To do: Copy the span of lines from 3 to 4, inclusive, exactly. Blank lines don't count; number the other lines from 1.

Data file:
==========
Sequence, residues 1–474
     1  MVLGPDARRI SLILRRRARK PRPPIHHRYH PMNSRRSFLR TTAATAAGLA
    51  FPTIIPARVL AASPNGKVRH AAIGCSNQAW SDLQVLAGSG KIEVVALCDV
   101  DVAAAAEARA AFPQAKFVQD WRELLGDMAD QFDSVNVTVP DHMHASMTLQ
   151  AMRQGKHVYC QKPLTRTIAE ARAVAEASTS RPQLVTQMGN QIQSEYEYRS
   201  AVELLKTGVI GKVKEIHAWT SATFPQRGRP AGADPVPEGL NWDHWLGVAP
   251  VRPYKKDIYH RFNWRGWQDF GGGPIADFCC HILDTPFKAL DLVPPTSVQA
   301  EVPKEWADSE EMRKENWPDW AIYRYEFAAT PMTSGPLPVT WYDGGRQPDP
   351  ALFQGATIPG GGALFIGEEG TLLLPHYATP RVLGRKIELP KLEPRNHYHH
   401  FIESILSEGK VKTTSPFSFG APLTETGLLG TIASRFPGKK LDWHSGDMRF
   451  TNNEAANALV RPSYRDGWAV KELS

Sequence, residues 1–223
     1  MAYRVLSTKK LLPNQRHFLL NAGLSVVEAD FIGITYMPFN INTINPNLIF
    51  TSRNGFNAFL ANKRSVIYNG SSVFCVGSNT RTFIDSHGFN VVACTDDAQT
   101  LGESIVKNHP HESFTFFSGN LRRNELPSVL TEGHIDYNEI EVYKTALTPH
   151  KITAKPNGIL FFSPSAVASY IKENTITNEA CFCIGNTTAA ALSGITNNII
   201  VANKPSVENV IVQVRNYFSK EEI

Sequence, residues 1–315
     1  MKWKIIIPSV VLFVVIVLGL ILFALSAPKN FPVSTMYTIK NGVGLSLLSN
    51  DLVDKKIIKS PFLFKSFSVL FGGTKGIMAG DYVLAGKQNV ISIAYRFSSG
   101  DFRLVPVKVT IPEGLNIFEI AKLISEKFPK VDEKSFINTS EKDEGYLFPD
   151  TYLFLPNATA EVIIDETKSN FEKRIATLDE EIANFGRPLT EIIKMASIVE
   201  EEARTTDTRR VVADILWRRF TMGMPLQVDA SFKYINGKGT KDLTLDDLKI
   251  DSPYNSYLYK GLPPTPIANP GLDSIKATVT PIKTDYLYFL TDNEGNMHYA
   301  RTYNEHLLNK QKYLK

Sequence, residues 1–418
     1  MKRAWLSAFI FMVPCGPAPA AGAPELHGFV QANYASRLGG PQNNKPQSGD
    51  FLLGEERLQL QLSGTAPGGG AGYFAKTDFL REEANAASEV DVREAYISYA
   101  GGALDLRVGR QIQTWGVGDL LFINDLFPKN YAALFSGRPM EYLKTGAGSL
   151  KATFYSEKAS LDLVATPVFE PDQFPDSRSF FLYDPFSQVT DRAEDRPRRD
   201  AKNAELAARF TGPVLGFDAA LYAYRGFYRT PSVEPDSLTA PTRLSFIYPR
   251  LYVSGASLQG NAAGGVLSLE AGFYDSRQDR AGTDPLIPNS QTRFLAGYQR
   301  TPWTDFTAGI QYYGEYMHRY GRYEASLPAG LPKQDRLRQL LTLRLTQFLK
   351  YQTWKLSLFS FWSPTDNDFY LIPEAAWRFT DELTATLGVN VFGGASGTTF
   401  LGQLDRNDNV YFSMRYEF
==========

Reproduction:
    51  FPTIIPARVL AASPNGKVRH AAIGCSNQAW SDLQVLAGSG KIEVVALCDV
   101  DVAAAAEARA AFPQAKFVQD WRELLGDMAD QFDSVNVTVP DHMHASMTLQ